Apple on Friday picked up more high-profile support in its court battle with the FBI over unlocking the iPhone of San Bernardino shooter Syed Farook, namely in the form of Zeid Ra'ad Al-Hussein, the United Nations' high commissioner for human rights.
"In order to address a security-related issue related to encryption in one case, the authorities risk unlocking a Pandora's Box that could have extremely damaging implications for the human rights of many millions of people, including their physical and financial security," said Al-Hussein in an official statement.
The commissioner suggested that there were other ways of pursuing the investigation without subverting iPhone security, and worried that criminals or malicious governments could potentially exploit any vulnerabilities in the platform, especially if a legal precedent is set.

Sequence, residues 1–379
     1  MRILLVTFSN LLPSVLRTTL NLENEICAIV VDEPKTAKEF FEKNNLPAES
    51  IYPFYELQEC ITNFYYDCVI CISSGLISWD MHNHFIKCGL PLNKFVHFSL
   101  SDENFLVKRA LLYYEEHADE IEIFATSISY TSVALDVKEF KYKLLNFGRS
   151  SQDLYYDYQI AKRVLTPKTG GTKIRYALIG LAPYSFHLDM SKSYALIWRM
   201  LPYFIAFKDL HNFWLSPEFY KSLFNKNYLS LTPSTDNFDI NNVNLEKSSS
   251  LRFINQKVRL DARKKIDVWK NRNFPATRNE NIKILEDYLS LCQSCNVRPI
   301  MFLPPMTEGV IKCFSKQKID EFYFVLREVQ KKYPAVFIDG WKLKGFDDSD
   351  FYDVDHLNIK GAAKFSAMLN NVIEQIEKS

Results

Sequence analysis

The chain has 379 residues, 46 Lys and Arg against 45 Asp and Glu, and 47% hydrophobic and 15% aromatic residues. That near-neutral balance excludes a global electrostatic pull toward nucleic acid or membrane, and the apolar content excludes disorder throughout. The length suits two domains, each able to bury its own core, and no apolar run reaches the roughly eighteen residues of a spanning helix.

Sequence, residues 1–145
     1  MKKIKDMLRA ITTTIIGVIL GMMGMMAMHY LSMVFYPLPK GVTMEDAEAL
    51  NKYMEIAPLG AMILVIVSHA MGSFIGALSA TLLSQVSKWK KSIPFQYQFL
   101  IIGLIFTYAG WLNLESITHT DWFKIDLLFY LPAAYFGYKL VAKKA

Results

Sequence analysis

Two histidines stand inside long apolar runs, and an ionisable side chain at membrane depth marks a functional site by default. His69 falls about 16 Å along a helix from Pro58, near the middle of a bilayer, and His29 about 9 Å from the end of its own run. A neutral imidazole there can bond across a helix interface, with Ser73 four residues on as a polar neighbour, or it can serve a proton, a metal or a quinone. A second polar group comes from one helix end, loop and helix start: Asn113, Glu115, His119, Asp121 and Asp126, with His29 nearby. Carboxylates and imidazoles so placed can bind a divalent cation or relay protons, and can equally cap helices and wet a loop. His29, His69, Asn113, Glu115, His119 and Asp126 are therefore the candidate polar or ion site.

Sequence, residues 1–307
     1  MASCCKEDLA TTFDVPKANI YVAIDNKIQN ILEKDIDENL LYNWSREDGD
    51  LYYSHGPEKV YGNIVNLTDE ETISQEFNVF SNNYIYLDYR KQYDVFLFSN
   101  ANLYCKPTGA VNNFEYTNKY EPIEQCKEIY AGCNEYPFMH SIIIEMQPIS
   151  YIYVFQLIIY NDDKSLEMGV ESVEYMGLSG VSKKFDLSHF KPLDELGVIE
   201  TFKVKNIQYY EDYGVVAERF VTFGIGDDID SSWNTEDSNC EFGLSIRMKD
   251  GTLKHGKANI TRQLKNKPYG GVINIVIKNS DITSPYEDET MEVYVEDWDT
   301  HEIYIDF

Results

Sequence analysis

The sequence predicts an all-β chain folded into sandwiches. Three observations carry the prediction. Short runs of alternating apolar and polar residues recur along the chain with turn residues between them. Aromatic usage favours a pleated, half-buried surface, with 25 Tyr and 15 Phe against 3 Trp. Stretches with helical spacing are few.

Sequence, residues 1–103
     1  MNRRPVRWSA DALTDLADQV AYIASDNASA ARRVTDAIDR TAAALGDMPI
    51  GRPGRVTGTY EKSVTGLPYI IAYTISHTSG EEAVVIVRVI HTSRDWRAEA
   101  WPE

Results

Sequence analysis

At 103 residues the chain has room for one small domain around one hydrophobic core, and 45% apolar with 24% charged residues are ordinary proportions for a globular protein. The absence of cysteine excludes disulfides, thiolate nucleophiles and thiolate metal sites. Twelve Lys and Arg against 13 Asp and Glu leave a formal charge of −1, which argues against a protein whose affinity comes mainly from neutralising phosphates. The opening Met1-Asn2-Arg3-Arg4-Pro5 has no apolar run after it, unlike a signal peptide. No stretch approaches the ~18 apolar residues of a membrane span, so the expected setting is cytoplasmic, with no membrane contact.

"It is potentially a gift to authoritarian regimes, as well as to criminal hackers," he said. "There have already been a number of concerted efforts by authorities in other States to force IT and communications companies such as Google and Blackberry to expose their customers to mass surveillance."
Al-Hussein drew special attention to the fact that encryption is essential for human rights activists, journalists, whisteblowers, and political dissidents, and that lives could be threatened not just on an individual level but on the larger scale of national or international security, despite organizations like the FBI saying bypassing encryption is needed to prevent terrorism.
On Thursday Apple received a flood of legal support from corporations, security experts, and others. One backer was the U.N.'s Special Rapporteur for freedom of expression issues, David Kaye.
Though the U.S. government has supporters on its own side as well, statements, letters, and amicus briefs should help Apple as it prepares for a March 22 court hearing, when the order for Apple to bypass the passcode limit on Farook's phone will be subject to review.